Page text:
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T4571

SAFC

Taurine

Synonym(s):
2-Aminoethanesulfonic acid
Linear Formula:
NH2CH2CH2SO3H
CAS Number:
Molecular Weight:
125.15
Beilstein:
1751215
EC Number:
MDL number:
PubChem Substance ID:
NACRES:
NA.26

biological source

non-animal source

assay

≥98.5%

form

crystalline powder

application(s)

cell culture | mammalian: suitable

impurities

endotoxin, heavy metals, trace metals, tested

mp

>300 °C (lit.)

solubility

H2O: ≥100 mg/mL

foreign activity

cytotoxicity, tested

SMILES string

NCCS(O)(=O)=O

InChI

1S/C2H7NO3S/c3-1-2-7(4,5)6/h1-3H2,(H,4,5,6)

InChI key

XOAAWQZATWQOTB-UHFFFAOYSA-N

Gene Information

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General description

To request documentation for this product, please contact Customer Support and select ‘Product Documentation′. Please note that access to documentation for this product requires a confidentiality disclosure agreement.

Application

Taurine is a derivative of the sulfur-containing (sulfhydryl) amino acid cysteine. Taurine is one of the few known naturally occurring sulfonic acids. It is a conditionally essential sulfonated amino acid which modulates apoptosis in some cells; functions in many metabolic activities; a product of methionine and cysteine metabolism. It can be used as a cell culture media component for the commercial biomanufacture of therapeutic recombinant proteins and monoclonal antibodies.

Biochem/physiol Actions

Non-selective endogenous agonist at glycine receptors. Conditionally essential sulfonated amino acid which modulates apoptosis in some cells; functions in many metabolic activities; a product of methionine and cysteine metabolism.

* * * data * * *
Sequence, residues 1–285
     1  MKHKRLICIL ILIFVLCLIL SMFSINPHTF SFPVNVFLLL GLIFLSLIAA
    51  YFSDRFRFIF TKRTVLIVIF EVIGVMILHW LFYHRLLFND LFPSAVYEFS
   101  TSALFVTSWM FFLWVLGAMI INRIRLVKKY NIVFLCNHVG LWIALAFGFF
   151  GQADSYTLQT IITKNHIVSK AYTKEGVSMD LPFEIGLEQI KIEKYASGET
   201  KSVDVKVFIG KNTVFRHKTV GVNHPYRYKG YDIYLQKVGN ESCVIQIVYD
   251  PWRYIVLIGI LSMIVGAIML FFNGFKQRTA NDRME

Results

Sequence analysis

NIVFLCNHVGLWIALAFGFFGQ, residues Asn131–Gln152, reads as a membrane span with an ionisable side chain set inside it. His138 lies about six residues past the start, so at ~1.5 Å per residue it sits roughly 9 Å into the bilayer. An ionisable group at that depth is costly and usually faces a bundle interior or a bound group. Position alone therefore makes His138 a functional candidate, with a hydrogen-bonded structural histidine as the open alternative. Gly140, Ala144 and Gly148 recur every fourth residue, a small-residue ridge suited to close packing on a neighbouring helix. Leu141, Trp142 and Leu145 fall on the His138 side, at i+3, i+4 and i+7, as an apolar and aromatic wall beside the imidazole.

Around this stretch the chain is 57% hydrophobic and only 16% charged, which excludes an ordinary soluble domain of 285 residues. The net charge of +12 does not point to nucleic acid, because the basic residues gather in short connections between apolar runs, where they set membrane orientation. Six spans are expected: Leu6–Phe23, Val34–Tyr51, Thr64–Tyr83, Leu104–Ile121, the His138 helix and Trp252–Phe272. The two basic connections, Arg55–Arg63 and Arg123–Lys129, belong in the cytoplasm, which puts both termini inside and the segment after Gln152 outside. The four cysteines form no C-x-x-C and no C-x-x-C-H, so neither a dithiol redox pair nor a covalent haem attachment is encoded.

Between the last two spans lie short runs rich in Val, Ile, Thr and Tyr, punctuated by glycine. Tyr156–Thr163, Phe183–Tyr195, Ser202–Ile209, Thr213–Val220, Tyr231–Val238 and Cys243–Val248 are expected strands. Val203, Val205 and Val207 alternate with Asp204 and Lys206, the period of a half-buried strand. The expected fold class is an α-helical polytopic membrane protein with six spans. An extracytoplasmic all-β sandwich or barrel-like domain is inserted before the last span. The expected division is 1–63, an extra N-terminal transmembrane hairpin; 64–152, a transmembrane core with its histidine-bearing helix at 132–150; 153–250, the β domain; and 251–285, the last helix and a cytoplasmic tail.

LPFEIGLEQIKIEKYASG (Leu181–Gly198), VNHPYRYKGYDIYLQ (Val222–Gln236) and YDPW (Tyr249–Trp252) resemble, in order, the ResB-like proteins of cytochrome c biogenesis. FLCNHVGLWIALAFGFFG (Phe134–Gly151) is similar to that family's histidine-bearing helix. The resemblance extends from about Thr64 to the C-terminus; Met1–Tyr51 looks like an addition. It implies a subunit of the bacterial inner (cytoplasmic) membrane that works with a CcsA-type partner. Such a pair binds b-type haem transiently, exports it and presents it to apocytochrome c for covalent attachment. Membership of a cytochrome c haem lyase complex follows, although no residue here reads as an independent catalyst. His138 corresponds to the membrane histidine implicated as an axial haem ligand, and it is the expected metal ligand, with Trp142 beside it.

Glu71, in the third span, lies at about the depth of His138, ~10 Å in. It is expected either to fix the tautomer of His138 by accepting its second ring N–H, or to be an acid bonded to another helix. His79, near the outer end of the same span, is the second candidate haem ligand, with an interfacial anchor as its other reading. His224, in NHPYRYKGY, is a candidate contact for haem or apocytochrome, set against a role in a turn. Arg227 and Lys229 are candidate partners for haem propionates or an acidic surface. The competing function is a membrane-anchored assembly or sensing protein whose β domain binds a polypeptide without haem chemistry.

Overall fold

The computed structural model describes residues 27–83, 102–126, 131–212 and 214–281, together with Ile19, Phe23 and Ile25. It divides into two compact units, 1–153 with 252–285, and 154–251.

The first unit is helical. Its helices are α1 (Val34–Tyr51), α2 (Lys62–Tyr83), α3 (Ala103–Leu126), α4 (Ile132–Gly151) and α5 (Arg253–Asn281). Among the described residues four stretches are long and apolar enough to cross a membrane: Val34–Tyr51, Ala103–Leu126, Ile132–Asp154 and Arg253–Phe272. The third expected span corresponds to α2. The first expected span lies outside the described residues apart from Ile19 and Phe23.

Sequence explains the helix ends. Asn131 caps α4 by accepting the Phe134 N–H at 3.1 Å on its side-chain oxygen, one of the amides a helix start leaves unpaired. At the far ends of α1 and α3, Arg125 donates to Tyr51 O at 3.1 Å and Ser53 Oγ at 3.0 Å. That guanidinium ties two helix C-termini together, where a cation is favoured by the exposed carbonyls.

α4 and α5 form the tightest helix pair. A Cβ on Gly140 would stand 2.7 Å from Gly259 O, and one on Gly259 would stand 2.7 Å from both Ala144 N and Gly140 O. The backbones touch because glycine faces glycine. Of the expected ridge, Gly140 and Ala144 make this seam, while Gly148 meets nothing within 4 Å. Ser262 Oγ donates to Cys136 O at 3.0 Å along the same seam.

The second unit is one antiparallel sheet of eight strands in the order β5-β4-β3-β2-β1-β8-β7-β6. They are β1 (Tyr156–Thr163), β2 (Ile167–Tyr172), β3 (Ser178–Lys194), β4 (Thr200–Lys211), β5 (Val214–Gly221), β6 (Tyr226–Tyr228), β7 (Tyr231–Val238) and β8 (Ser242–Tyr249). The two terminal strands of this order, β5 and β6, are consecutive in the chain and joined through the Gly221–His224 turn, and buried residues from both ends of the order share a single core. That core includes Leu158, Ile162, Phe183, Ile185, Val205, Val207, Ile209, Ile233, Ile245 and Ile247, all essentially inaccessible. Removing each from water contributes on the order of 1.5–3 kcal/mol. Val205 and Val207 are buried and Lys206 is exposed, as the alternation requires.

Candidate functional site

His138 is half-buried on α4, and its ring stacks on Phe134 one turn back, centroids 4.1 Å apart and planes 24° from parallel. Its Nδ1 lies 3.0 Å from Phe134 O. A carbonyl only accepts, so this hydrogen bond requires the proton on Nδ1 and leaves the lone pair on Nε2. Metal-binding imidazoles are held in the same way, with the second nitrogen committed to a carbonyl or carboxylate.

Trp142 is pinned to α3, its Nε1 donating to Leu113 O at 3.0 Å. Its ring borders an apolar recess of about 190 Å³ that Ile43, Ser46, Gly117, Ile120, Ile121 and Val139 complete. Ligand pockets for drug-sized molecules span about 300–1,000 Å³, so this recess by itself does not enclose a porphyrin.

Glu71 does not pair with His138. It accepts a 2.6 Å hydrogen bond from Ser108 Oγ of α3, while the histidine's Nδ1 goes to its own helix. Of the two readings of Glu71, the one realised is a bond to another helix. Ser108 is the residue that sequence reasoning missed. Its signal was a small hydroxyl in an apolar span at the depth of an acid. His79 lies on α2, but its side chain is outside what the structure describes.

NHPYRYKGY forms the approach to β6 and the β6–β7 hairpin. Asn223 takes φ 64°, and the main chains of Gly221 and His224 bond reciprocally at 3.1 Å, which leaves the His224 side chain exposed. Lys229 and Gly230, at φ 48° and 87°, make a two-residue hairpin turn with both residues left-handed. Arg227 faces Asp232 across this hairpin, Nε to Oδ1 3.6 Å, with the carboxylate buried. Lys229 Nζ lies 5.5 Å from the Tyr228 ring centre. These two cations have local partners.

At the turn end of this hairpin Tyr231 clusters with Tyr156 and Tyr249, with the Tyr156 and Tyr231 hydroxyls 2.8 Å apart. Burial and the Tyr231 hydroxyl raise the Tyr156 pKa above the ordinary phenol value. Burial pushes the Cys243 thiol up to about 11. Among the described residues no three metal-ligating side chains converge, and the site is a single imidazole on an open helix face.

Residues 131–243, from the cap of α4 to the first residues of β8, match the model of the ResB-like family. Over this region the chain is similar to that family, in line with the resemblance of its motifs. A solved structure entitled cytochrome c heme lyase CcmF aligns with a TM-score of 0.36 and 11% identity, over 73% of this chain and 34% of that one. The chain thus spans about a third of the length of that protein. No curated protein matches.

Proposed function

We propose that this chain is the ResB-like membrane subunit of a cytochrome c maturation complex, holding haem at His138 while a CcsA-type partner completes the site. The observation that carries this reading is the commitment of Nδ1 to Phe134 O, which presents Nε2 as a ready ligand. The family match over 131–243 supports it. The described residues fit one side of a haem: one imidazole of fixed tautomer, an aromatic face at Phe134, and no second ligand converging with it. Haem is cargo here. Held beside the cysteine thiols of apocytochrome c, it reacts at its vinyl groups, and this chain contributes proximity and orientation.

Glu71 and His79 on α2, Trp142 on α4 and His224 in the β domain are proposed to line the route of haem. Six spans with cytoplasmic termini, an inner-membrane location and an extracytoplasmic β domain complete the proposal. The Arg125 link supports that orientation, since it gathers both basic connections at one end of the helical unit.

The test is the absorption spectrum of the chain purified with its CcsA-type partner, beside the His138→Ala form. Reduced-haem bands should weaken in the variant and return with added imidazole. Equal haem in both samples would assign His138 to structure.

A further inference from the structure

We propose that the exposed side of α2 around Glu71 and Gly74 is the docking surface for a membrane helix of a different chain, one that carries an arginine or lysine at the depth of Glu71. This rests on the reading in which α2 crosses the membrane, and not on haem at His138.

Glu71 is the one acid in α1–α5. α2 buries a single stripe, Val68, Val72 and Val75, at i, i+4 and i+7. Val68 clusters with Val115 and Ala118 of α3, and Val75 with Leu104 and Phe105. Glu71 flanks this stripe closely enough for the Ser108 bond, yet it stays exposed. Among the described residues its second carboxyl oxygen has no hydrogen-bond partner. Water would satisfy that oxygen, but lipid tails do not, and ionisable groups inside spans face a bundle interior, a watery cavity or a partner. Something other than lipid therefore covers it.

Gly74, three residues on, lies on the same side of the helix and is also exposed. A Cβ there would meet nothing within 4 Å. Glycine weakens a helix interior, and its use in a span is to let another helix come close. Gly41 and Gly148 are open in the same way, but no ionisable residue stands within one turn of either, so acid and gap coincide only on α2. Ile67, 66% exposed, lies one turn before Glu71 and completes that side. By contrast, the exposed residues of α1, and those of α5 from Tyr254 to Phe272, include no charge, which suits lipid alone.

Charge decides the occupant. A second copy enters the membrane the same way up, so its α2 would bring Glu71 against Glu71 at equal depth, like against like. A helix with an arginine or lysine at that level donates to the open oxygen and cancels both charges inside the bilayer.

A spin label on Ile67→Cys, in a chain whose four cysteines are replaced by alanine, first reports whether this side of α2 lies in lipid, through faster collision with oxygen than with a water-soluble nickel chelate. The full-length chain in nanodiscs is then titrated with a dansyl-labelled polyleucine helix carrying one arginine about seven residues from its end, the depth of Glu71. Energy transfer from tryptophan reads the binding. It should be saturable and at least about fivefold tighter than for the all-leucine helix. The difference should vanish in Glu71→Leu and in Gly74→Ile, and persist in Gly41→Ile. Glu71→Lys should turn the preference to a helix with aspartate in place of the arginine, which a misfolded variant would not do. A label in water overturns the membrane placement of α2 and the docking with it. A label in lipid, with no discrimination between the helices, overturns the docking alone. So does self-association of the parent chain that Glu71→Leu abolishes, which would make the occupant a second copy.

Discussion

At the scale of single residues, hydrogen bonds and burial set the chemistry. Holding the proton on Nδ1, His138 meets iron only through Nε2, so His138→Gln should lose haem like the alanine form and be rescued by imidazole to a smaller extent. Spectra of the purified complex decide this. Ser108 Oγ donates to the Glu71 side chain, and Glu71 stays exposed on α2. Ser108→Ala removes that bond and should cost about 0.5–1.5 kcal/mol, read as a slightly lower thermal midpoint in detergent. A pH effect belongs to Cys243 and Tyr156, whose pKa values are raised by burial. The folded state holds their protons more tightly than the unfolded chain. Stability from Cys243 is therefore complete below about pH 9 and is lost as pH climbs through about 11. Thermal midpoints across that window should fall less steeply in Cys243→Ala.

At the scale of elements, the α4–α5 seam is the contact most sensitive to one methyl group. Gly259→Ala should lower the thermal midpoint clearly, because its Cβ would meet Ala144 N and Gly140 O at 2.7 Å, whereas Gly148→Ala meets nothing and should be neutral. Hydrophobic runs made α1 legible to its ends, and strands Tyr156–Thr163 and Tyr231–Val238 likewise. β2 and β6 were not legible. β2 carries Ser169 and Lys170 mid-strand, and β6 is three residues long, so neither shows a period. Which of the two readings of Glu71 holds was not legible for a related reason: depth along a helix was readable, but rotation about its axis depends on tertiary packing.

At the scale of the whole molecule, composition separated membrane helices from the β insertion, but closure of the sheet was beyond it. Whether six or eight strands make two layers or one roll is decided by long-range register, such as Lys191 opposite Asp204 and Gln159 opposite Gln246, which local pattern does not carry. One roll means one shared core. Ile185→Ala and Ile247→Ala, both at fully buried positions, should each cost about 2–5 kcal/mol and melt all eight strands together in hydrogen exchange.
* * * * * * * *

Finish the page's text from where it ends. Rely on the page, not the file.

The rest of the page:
Storage Class Code

13 - Non Combustible Solids

WGK Germany

WGK 2

Flash Point(F)

Not applicable

Flash Point(C)

Not applicable

Personal Protective Equipment

dust mask type N95 (US),Eyeshields,Gloves

Certificate of Analysis

Certificate of Origin

Takashi Ito et al.
Journal of molecular and cellular cardiology, 44(5), 927-937 (2008-04-15)
The sulfur-containing beta-amino acid, taurine, is the most abundant free amino acid in cardiac and skeletal muscle. Although its physiological function has not been established, it is thought to play an important role in ion movement, calcium handling, osmoregulation and...
M Axelson et al.
Hepatology (Baltimore, Md.), 31(6), 1305-1312 (2000-05-29)
The biosynthesis of bile acids by primary cultures of normal human hepatocytes has been investigated. A general and sensitive method for the isolation and analysis of sterols and bile acids was used, based on anion exchange chromatography and gas chromatography-mass...
Marlene Wewalka et al.
The Journal of clinical endocrinology and metabolism, 99(4), 1442-1451 (2014-01-18)
Bile acids (BAs) are newly recognized signaling molecules in glucose and energy homeostasis. Differences in BA profiles with type 2 diabetes mellitus (T2D) remain incompletely understood. The objective of the study was to assess serum BA composition in impaired glucose-tolerant...
Tsutomu Suzuki et al.
Wiley interdisciplinary reviews. RNA, 2(3), 376-386 (2011-10-01)
Mitochondrial DNA mutations that cause mitochondrial dysfunction are responsible for a wide spectrum of human diseases, referred to as mitochondrial diseases. Pathogenic point mutations are found frequently in genes encoding mitochondrial (mt) tRNAs, indicating that impaired functioning of mutant mt...
Felizia K Voss et al.
Science (New York, N.Y.), 344(6184), 634-638 (2014-05-03)
Regulation of cell volume is critical for many cellular and organismal functions, yet the molecular identity of a key player, the volume-regulated anion channel VRAC, has remained unknown. A genome-wide small interfering RNA screen in mammalian cells identified LRRC8A as...

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